By Gromer Jeffers Jr.
President Barack Obama is sending 1,200 troops to secure the U.S.-Mexico border, with most of the soldiers headed to Arizona.
What about Texas?
Gov. Rick Perry on Wednesday said he would wait to see whether his request for help in securing the Texas-Mexico border would be fulfilled before determining if Texas was being dissed.
"We have not received anything from the current administration about additional support of our border," Perry said Wednesday after a ribbon cutting ceremony in Richardson.
In January 2009 Perry met with Obama and requested 1,000 National Guard troops for the Texas border.
Last month Perry met with Homeland Security Secretary Janet Napolitano and asked for 3,000 border patrol agents.
Perry said he would withhold judgment on whether Texas was being stiffed "until the Obama Administration clearly tells us what the policy is going to be."
"We've got some substantial request in, but to date there has been no indication that Texas is going to get any support," Perry said. "I hope we have an administration and Congress that understand that this situation along the border is untenable and they have to help us secure that border."
Democratic candidate for governor Bill White said the need for federal troops was a short-term solution.
"We need more federal support for border security and border regions," the former Houston mayor said. "We need more support for local police and sheriffs, who can enforce criminal laws. National Guard troops are not a long-term substitute for sustained federal commitment to border communities."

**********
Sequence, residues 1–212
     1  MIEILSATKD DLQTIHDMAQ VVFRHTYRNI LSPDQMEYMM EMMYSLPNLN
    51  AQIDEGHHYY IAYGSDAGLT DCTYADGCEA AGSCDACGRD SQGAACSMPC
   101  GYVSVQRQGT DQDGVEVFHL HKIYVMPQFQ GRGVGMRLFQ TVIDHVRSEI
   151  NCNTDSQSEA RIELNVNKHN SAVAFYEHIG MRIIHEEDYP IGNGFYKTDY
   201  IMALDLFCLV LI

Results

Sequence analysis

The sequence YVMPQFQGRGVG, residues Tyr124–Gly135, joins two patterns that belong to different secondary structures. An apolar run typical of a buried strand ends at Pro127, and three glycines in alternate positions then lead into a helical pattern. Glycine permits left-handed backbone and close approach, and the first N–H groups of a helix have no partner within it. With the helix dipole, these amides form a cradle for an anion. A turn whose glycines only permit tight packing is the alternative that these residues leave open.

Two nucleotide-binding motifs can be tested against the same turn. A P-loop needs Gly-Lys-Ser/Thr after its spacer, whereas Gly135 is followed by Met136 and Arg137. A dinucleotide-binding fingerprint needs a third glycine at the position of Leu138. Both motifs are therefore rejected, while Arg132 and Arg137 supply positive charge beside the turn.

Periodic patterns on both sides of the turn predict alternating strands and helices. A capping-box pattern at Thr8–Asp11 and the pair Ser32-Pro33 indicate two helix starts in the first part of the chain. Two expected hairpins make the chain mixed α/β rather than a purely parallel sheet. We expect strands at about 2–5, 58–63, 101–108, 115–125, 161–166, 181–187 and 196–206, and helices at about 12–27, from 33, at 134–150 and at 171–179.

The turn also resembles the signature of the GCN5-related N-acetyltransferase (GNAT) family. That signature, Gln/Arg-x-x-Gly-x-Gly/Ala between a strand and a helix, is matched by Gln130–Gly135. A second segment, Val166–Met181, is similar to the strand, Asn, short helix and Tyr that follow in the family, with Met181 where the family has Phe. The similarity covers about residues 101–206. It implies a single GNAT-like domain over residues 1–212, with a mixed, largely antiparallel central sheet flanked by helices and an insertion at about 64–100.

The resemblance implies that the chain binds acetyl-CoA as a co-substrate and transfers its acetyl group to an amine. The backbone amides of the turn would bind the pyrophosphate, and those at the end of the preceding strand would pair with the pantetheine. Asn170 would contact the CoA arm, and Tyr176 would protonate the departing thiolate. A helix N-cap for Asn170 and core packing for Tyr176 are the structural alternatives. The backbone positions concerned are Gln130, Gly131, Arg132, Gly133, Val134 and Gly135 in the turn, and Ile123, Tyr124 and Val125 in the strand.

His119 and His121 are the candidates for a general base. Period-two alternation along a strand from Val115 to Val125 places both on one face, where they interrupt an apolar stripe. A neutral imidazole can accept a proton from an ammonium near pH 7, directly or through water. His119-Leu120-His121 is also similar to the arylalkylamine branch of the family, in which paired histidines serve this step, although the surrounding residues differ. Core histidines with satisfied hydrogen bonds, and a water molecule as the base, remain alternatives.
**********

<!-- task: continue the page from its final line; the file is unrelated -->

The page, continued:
Perry has been at odds with the Obama Administration on a number of issues.
Wednesday he called a move by federal environmental officials to regulate pollution from Texas refineries another step in the Obama Administration's "campaign to harm our economy."
The U.S. Environmental Protection Agency said Tuesday that it would take over the process of issuing a permit for a Corpus Christi refinery, taking the responsibility away from state regulators.
Perry wondered aloud whether the administration's environmental stance toward Texas was personal.
"There are some very troubling decisions that this administration has made toward Texas," Perry said. "When you have the state that's creating more jobs than any state in the nation and at the same time cleaning up its air...it might make you think that they have something against Texas."